Relationships between the elderly and the younger generation make us feel connected in several ways. They make us feel linked not only to each other, but also to something bigger, to the past and to the future. Thus, this connection leads to many benefits for all generations.
According to Erik Erikson, one of the first psychologists to describe social development across a lifetime, connections between youths and an older generation can give a sense of fulfillment to the elderly. Intergenerational relationships can invigorate and energize older adults as well as help reduce the likelihood of depression and loneliness. These relationships can also aide in cognitive stimulation and provide an opportunity for the older adult to learn new skills.
Many activities help build and strengthen intergenerational relationships – storytelling, talking about ethnic heritage, culture and sharing ethnic customs – helps keep family stories and history alive. Reading to each other, telling jokes, scrapbooking, putting a puzzle together, doing crosswords and introducing technology into the life of older adults are other activities that can help connect the older generation with youths.
A Greater Sense of Fulfillment for the Elderly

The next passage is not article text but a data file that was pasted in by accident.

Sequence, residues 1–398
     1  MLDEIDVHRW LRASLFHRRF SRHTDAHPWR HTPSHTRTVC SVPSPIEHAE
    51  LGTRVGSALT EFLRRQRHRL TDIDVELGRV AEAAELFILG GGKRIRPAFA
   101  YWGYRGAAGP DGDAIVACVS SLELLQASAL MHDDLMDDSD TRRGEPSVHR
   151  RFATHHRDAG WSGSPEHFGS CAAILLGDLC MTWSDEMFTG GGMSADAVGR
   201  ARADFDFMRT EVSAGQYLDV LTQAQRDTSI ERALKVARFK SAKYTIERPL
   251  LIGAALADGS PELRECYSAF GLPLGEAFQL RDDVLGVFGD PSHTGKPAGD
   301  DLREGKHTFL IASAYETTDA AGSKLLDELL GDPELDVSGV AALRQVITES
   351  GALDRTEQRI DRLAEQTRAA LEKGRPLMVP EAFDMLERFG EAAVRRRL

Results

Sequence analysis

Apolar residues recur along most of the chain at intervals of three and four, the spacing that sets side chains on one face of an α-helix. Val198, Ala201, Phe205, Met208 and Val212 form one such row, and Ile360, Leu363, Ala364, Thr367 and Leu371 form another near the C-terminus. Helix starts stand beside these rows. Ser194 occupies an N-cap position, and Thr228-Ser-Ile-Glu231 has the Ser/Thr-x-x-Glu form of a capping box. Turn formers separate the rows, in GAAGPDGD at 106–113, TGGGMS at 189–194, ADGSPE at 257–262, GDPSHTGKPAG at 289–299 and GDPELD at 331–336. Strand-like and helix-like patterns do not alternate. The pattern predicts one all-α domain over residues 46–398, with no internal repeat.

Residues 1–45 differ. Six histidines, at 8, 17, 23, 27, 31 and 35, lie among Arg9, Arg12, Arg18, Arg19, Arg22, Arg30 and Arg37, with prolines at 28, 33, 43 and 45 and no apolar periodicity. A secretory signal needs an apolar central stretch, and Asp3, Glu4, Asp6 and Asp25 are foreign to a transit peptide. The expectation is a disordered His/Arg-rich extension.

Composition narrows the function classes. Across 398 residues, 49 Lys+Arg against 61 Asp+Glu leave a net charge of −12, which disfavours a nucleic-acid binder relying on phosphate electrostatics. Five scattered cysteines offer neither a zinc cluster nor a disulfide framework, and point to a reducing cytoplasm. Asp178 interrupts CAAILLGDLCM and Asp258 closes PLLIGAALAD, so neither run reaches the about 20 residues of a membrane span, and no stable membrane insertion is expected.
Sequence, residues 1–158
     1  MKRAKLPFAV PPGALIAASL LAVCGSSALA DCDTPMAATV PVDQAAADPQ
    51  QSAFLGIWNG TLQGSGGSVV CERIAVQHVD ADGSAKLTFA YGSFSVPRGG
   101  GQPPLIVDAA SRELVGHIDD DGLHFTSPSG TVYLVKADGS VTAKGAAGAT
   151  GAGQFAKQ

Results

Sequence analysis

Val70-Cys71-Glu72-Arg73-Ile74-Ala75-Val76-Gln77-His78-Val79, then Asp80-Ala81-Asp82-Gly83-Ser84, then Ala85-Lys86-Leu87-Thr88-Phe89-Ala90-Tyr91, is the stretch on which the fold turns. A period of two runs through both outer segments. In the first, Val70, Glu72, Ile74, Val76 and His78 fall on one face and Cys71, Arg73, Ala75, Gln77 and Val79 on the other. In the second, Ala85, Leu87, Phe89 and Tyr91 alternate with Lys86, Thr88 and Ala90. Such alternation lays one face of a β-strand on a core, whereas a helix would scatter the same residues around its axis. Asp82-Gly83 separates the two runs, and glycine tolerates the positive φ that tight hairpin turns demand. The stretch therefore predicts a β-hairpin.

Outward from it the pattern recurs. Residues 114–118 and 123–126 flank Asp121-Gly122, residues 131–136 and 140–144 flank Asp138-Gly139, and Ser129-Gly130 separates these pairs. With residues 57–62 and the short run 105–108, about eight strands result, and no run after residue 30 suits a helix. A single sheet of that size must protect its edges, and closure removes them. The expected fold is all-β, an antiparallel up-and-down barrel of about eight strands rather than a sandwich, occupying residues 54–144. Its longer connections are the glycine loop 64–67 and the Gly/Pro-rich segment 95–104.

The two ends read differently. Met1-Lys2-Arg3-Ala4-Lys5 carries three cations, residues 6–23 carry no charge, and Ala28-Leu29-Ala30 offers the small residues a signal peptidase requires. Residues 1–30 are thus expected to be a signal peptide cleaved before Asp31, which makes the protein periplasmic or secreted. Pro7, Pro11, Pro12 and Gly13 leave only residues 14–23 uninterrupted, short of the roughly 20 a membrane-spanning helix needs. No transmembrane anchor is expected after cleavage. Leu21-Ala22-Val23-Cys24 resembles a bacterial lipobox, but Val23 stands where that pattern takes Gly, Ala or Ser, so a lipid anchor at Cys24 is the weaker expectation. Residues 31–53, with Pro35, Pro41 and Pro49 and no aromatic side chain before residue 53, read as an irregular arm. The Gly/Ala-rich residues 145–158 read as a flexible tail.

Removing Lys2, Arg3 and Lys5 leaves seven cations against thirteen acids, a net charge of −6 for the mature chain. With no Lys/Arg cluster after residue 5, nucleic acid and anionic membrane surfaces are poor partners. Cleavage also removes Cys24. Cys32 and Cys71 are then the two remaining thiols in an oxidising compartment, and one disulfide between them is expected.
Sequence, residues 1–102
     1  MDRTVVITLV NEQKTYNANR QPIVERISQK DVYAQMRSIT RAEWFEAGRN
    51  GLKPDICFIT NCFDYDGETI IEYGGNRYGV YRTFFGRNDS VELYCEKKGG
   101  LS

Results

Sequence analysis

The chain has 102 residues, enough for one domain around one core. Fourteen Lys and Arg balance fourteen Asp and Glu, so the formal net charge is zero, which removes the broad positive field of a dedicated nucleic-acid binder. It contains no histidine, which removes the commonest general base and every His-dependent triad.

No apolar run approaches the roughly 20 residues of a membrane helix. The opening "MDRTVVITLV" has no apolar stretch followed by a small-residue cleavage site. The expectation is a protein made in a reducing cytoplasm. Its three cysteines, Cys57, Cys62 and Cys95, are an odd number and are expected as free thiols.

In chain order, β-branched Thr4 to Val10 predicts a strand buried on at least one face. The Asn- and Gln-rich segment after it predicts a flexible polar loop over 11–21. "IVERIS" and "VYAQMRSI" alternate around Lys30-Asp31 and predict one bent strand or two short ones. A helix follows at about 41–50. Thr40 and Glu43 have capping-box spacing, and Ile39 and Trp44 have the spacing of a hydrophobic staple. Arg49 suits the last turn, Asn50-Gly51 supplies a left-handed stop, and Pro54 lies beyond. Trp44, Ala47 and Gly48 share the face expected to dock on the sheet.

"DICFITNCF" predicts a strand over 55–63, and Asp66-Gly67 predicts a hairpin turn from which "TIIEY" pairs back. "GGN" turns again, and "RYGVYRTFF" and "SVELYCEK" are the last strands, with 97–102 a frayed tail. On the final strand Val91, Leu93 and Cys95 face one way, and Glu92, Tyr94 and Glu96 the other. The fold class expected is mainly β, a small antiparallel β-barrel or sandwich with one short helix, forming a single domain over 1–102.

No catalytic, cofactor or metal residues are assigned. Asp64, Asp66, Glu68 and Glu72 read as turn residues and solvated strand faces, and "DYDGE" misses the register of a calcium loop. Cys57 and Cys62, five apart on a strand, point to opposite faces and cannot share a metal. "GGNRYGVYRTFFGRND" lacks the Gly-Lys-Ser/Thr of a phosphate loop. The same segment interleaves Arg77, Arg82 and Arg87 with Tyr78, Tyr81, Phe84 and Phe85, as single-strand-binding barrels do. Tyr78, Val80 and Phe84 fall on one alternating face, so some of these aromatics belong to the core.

While sometimes it’s not always possible for families to be in close proximity, it is essential for seniors to connect with the young. At San Simeon by the Sound, many residents experience the power of intergenerational relationships with our caregivers by sharing their hobbies and discussing today’s current events. Much of San Simeon’s staff has become family to those who are in need of the bonds of intergenerational relationships.
There is often a back-and-forth reciprocity between all generations – not only is intergenerational relationships beneficial for the elderly – but it also helps fill a void for children who do not have grandparents. Many older adults can be a tremendous resource for youths as they tell them about history and times past, and share a lifetime of accumulated wisdom. The physical limitations that come with getting older can actually help to cement the relationship between the young and old, and the physiological changes that accompany old age can be useful fundamentals for valuable intergenerational connections.
Older people taught the young how to be and how to become – helping them socialize and giving them emotional support by teaching empathy and character. Therefore, grandparents are often referred to as the monarchy of their family because they have years of experience and can share their knowledge, perspectives and key civic values with younger people.
Children, in turn, can be a source of joy for elders, and provide assistance with many simple tasks. Studies have shown when older adults regularly interact with youths their mental health improves. Studies have also proven that intergenerational bonding activities helps people who have dementia as they perform better on memory tests and experience effects that are more positive than in non-intergenerational activities.
Adults who experienced close intergenerational interaction tend to be happier with their present life and more hopeful for the future, reducing feelings of sadness and increasing their self-worth and self-esteem.